Some of OpenAI’s board members over the years have had ties to effective altruism, the philanthropic social movement that prioritizes donating to projects that will have the greatest impact on the largest number of people, including humans in the future.
While many effective altruists believe AI could offer powerful benefits, they also advocate for mitigating the technology’s potential risks.
Helping to drive Altman’s return and the installation of a new board was Microsoft, which has invested billions of dollars in OpenAI and has rights to its existing technology.
While promising to welcome OpenAI’s fleeing work force, Microsoft CEO Satya Nadella also made clear in a series of interviews Monday that he was open to the possibility of Altman returning to OpenAI as long as the startup’s governance problems were solved.
“We are encouraged by the changes to the OpenAI board,” Nadella posted on X late Tuesday. “We believe this is a first essential step on a path to more stable, well-informed and effective governance.”
In his own post, Altman said that with the new board and with Satya’s support, he was “looking forward to returning to OpenAI and building on our strong partnership” with Microsoft.
Gone from the OpenAI board are its only two women: tech entrepreneur Tasha McCauley and Helen Toner, a policy expert at Georgetown’s Center for Security and Emerging Technology, both of whom have expressed concerns about AI safety risks.
The leadership drama offers a glimpse into how big tech companies are taking the lead in governing AI and its risks, while governments scramble to catch up. The European Union is working to finalize the world’s first comprehensive AI rules.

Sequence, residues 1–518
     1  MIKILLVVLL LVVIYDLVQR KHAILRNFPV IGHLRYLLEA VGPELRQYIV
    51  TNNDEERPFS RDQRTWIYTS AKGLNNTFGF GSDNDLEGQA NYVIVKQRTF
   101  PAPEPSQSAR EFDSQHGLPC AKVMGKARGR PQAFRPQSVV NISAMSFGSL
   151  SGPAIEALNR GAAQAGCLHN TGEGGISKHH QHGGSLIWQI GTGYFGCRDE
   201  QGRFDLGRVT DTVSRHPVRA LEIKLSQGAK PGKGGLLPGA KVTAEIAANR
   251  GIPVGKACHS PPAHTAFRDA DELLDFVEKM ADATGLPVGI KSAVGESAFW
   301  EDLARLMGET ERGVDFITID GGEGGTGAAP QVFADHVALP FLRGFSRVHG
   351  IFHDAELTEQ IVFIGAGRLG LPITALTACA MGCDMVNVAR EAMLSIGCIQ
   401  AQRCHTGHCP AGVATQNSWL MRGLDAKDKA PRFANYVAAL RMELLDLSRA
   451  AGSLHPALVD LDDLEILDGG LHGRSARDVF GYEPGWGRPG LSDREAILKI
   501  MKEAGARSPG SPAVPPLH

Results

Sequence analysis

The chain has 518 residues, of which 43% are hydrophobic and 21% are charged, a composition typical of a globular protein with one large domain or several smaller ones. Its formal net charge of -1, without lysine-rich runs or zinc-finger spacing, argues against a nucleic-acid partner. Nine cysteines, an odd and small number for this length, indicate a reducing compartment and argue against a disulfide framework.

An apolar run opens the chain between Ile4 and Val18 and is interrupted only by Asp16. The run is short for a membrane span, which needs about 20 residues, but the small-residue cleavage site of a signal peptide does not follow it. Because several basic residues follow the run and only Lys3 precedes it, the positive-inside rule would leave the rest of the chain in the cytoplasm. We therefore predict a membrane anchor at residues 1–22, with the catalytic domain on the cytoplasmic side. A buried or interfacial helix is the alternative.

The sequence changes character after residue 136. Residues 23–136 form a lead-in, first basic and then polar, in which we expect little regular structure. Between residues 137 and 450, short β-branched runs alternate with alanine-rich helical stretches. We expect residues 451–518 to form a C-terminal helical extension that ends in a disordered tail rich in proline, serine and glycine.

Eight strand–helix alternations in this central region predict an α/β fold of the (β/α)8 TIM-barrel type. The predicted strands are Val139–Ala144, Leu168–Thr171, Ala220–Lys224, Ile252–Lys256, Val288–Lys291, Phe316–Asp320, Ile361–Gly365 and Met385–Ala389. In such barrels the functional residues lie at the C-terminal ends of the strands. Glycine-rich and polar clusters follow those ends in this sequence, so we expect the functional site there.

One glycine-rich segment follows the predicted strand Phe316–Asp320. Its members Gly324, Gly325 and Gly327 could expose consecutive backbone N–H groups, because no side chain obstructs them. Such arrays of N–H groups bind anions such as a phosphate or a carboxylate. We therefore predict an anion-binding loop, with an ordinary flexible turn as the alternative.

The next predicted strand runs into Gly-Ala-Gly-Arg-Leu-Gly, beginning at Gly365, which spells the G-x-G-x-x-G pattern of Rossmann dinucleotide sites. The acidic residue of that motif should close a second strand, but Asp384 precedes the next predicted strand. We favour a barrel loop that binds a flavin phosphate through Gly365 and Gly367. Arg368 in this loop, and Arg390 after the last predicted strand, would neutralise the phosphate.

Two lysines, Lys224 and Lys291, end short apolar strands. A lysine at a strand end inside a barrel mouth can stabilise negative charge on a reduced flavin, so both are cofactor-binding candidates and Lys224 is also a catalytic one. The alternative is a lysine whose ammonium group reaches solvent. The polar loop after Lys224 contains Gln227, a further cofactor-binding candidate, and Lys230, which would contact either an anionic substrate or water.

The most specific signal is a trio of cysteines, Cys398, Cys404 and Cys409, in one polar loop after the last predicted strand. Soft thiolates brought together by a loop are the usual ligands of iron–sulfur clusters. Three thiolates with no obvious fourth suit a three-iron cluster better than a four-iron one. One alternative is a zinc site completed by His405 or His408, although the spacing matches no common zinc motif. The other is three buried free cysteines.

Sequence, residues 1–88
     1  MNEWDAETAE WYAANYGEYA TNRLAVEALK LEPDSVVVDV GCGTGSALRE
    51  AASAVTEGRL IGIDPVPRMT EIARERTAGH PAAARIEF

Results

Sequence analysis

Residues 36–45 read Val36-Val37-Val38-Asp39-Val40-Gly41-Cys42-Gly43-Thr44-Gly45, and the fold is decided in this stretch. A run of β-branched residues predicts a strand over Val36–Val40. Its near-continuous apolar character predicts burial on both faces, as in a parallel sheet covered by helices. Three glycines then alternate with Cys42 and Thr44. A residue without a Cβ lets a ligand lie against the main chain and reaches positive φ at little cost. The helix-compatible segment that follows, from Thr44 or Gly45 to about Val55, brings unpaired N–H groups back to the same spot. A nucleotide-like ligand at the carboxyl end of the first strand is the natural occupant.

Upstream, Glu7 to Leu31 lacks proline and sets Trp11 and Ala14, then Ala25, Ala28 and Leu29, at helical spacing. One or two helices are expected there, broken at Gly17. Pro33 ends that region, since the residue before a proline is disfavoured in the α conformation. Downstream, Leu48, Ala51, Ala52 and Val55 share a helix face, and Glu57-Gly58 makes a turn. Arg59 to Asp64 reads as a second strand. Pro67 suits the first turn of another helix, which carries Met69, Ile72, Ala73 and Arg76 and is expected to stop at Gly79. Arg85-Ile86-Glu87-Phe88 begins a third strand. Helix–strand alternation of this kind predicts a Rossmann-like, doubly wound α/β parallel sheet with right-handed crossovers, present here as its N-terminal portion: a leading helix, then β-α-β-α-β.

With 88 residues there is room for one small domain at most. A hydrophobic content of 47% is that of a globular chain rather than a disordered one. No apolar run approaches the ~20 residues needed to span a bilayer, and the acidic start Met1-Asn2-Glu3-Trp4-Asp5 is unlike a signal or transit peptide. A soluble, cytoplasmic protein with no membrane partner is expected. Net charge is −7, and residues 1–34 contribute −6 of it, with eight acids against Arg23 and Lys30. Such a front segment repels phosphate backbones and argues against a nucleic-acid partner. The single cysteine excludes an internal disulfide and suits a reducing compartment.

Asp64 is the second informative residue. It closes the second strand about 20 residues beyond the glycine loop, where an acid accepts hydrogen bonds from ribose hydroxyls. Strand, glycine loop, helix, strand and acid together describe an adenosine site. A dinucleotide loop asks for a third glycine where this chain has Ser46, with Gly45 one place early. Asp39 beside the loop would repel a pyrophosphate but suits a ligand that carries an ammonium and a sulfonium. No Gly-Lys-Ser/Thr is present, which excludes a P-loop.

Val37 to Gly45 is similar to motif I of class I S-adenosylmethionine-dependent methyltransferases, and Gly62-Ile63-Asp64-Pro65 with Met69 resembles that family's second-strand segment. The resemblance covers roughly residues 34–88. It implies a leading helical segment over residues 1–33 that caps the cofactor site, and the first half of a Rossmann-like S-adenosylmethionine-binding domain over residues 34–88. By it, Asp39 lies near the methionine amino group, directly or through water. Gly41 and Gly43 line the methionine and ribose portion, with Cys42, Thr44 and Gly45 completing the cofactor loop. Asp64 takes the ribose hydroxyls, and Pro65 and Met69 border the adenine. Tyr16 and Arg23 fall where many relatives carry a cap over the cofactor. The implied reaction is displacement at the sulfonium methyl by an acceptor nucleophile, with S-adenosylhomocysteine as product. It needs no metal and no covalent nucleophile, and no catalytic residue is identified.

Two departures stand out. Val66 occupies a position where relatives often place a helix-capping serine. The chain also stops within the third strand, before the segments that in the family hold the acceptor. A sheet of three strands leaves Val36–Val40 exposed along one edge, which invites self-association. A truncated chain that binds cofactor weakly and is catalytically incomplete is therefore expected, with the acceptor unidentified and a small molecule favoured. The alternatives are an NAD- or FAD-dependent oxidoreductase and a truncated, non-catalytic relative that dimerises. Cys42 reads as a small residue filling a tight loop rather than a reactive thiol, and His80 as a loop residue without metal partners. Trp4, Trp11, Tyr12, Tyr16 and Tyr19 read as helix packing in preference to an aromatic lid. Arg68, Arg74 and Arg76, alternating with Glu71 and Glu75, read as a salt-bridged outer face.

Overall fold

In the absence of regulations, “companies decide how a technology is rolled out,” said Oxford’s Laux.
Co-founded by Altman as a non-profit with a mission to safely build AI that outperforms humans and benefits humanity, OpenAI later became a for-profit business – but one still run by its non-profit board of directors.
This was not OpenAI’s first experience with executive turmoil. Past examples including a 2018 falling out between board co-chairs Altman and Musk that led to Musk’s exit, and a later exodus of top leaders who started the competitor Anthropic.
It’s not clear yet if the board’s structure will change with its new members.
Under the current structure, all profit beyond a certain cap is supposed to go back to its mission of helping humanity. The board is also tasked with deciding when AI systems have become so advanced that they are better than humans “at most economically valuable work.” At that point, Microsoft’s intellectual property licenses no longer apply.
“We are collaborating to figure out the details,” OpenAI posted on social media. “Thank you so much for your patience through this.”
Nadella said Brockman, who was OpenAI’s board chairman until Altman’s firing, also will have a key role to play in ensuring the group “continues to thrive and build on its mission.”
As for OpenAI’s short-lived interim CEO Emmett Shear, the second temporary leader in the days since Altman’s ouster, he posted on X that he was “deeply pleased by this result” after about 72 “very intense hours of work.”
“Coming into OpenAI, I wasn’t sure what the right path would be,” wrote Shear, the former head of Twitch. “This was the pathway that maximized safety alongside doing right by all stakeholders involved. I’m glad to have been a part of the solution.”